Looking back at NY’s leading African-American art museum
A new show at The Carnegie Museum of Art showcases works from the Studio Museum in Harlem
Few institutions have done more to further African-American art than the Studio Museum in Harlem. Founded in a loft on 125th Street in 1968, this Manhattan exhibition and artists space both collects and displays works by black artists, and also offers studio residencies for emerging artists.
Over the years, the museum bought, hosted and supported a wide range of painters, sculptors and other practitioners, including Kerry James Marshall, Gordon Parks, Hank Willis Thomas, Chris Ofili, Kara Walker, Glenn Ligon, and Rashid Johnson.
Now, a new exhibition at Carnegie Museum of Art in Pittsburgh combines works from the Studio Museum’s permanent collection with pieces from its own archive, to produce its current show, 20/20, which the organisers say displays “artworks from two museums that address notions of identity and social inequality in art and life across the 20th century and into the 21st.”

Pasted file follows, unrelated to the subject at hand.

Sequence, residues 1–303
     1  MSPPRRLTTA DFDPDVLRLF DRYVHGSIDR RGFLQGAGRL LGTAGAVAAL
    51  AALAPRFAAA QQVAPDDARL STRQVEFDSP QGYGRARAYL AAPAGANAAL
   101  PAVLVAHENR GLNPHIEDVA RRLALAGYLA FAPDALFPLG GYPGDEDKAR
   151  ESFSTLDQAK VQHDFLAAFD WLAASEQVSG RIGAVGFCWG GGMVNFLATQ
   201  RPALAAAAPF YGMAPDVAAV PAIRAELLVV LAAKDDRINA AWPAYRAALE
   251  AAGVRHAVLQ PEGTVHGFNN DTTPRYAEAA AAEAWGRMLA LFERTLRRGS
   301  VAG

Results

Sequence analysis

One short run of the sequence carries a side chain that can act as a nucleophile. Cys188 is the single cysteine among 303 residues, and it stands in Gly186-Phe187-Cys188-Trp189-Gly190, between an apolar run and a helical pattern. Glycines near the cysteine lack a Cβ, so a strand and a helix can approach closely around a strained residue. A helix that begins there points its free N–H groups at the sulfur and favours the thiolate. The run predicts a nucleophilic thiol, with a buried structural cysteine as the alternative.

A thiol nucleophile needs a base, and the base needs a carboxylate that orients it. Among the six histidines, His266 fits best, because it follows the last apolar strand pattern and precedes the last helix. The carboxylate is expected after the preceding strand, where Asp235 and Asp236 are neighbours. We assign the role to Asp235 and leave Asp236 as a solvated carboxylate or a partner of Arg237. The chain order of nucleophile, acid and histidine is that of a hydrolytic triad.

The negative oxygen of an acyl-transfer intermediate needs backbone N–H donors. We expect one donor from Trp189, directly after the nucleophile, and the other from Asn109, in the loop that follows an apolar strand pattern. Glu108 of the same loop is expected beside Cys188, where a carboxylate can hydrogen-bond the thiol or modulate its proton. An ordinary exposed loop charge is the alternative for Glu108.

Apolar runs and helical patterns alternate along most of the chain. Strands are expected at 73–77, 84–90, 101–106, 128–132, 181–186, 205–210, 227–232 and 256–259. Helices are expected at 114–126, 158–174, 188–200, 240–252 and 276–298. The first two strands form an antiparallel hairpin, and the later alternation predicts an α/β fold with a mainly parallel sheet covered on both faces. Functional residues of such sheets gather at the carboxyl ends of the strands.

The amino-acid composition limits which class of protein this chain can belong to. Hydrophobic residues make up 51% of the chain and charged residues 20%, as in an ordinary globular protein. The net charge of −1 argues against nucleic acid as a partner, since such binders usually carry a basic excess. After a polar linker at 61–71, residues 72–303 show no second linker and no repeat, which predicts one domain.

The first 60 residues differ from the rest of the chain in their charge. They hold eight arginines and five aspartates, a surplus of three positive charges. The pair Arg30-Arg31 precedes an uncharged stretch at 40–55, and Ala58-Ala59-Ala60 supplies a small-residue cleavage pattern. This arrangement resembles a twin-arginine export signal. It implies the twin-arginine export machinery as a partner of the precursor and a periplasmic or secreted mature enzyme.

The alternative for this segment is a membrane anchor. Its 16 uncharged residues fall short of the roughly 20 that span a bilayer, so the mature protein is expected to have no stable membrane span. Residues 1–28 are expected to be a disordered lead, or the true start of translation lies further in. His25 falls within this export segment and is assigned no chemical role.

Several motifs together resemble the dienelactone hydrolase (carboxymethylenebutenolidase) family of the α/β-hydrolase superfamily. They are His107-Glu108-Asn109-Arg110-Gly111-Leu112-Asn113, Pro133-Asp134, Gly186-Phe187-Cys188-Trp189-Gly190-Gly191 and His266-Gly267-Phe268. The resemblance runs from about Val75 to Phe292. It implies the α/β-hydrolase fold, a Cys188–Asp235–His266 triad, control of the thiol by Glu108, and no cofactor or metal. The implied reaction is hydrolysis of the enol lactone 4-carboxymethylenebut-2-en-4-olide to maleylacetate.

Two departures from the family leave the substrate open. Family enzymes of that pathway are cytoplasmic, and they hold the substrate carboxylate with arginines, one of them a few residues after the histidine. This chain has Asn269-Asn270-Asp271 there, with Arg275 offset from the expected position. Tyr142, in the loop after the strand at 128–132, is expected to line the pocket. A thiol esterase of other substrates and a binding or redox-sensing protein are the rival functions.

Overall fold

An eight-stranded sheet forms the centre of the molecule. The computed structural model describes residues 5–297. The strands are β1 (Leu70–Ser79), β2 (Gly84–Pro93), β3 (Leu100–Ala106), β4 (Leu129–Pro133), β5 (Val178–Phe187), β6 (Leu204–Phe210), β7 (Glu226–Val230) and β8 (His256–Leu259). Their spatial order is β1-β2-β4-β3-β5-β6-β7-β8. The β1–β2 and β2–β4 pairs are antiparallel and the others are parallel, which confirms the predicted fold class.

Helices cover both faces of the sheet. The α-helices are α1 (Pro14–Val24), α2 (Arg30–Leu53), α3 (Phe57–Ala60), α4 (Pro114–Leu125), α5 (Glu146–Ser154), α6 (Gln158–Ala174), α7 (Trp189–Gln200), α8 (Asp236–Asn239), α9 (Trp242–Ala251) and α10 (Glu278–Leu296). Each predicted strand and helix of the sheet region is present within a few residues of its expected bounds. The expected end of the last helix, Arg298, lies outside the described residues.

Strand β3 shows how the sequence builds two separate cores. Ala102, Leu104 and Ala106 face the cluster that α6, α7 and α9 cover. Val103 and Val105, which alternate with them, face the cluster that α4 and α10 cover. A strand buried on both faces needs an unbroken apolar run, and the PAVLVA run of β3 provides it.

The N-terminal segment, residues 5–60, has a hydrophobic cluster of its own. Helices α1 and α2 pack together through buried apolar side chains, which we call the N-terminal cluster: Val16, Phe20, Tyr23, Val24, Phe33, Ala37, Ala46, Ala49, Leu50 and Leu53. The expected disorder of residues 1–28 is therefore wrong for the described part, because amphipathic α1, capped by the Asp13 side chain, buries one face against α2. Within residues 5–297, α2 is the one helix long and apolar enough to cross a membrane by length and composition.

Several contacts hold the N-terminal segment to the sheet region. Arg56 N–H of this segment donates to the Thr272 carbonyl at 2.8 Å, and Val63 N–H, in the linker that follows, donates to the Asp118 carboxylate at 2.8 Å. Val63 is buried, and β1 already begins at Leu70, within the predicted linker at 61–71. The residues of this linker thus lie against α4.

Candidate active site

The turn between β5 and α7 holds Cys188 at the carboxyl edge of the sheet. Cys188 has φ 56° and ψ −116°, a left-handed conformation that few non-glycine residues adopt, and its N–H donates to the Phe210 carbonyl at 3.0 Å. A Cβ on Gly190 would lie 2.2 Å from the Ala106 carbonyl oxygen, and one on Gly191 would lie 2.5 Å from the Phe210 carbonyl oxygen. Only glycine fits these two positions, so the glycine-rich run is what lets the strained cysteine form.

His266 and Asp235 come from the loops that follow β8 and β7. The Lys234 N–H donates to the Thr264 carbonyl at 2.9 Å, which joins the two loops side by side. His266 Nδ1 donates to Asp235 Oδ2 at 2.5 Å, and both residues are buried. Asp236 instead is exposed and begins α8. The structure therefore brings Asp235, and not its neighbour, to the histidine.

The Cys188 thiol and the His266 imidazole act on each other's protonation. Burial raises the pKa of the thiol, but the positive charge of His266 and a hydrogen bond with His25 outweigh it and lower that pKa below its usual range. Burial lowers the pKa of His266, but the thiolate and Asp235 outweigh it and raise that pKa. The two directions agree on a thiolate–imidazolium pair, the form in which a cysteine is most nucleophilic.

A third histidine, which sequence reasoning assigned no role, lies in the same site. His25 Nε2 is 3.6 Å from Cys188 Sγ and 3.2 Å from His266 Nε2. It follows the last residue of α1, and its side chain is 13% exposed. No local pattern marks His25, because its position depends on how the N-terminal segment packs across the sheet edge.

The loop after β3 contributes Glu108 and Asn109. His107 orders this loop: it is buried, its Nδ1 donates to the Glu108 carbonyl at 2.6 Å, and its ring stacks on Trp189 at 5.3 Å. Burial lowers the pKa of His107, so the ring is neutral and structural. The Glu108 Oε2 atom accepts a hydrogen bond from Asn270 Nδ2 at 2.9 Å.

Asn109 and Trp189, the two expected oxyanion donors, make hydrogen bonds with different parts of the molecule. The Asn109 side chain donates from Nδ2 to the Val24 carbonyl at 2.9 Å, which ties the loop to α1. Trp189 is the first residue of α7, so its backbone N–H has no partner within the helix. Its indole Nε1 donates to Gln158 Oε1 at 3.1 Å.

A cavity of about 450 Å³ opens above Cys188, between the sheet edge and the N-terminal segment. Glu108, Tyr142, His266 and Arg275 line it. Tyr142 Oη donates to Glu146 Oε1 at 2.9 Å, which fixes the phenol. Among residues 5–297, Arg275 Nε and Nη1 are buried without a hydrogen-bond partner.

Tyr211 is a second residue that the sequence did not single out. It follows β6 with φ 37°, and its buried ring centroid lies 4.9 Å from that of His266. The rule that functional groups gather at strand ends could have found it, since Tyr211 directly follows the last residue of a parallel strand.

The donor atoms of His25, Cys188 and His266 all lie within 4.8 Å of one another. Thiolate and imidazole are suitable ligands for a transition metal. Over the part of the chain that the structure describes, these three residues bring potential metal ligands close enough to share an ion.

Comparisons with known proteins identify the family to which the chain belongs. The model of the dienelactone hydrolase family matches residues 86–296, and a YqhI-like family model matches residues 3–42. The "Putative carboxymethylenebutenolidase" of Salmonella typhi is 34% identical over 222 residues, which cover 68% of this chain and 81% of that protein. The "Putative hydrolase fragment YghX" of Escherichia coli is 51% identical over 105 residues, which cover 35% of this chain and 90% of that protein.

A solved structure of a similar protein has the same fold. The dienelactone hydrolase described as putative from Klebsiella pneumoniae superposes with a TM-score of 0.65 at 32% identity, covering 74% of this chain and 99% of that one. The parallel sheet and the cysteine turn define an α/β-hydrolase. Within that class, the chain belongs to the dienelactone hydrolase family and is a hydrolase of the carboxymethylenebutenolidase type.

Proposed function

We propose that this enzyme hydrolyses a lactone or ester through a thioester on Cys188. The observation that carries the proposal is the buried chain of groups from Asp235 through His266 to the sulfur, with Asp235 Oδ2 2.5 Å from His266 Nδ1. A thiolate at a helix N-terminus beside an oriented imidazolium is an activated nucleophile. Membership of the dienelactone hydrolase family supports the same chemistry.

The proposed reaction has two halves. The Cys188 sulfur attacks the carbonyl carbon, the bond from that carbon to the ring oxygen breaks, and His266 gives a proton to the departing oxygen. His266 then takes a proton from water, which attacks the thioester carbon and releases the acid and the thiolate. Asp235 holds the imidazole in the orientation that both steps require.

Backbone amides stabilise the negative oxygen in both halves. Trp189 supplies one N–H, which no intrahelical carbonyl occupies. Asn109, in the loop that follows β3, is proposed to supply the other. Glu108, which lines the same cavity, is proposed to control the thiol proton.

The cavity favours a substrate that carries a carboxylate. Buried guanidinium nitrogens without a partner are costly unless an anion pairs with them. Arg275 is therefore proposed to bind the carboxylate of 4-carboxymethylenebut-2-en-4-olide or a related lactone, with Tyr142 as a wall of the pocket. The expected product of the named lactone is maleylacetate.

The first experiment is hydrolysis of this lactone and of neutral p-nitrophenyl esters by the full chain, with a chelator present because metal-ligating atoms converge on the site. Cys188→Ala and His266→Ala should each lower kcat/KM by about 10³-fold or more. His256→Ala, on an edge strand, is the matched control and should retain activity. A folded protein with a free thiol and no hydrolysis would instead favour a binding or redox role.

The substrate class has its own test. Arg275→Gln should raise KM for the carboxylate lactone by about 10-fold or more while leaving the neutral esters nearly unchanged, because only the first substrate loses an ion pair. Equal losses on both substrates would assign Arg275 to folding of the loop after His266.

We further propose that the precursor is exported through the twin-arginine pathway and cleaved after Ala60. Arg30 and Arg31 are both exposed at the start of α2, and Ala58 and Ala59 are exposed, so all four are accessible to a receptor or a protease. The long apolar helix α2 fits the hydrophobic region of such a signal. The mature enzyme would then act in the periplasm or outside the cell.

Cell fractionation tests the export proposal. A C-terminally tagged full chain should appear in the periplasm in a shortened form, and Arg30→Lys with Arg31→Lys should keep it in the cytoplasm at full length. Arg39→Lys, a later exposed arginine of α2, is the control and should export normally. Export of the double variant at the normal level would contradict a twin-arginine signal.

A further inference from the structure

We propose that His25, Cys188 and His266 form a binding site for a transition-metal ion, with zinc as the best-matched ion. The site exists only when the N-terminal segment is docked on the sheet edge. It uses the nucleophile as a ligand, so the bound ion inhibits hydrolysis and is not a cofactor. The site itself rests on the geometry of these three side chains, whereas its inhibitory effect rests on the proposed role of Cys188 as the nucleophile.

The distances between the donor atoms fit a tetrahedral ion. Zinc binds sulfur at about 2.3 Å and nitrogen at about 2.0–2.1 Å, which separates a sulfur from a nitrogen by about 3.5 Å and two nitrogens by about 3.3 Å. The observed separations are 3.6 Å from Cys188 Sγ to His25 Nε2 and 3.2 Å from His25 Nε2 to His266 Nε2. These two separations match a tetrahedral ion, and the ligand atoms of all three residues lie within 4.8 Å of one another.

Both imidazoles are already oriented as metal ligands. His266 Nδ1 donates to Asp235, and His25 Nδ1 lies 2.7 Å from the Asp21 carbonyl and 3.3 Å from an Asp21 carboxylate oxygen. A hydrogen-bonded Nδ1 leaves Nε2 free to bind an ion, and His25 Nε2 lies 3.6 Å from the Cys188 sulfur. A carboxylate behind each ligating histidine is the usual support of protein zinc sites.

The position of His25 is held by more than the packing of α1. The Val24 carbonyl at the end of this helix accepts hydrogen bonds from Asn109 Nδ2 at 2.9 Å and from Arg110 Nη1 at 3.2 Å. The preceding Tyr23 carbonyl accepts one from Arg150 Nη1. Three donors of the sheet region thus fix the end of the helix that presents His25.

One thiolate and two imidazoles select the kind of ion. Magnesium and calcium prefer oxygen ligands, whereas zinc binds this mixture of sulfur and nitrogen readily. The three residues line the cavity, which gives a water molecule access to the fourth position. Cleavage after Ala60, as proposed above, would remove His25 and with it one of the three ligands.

The pairing might seem odd; yet the esteemed Carnegie Museum, founded in 1895, originally intended to collect “the Old Masters of Tomorrow”, and sought explicitly to record and preserve the development of visual art in the United States, even if it does have Japanese prints and Austrian furniture in among its trove of works.
Nevertheless, this show, which includes piece dating back to the 1920s, as well as contemporary works by Jean-Michel Basquait and Kerry James Marshall isn’t limited by racial divisions – there are works by white artists such as Jenny Holzer and Andy Warhol on the walls – the exhibition does suggest that the Studio Museum’s one-time outsider status is changing somewhat, as the establishment works these artists into its draft of history.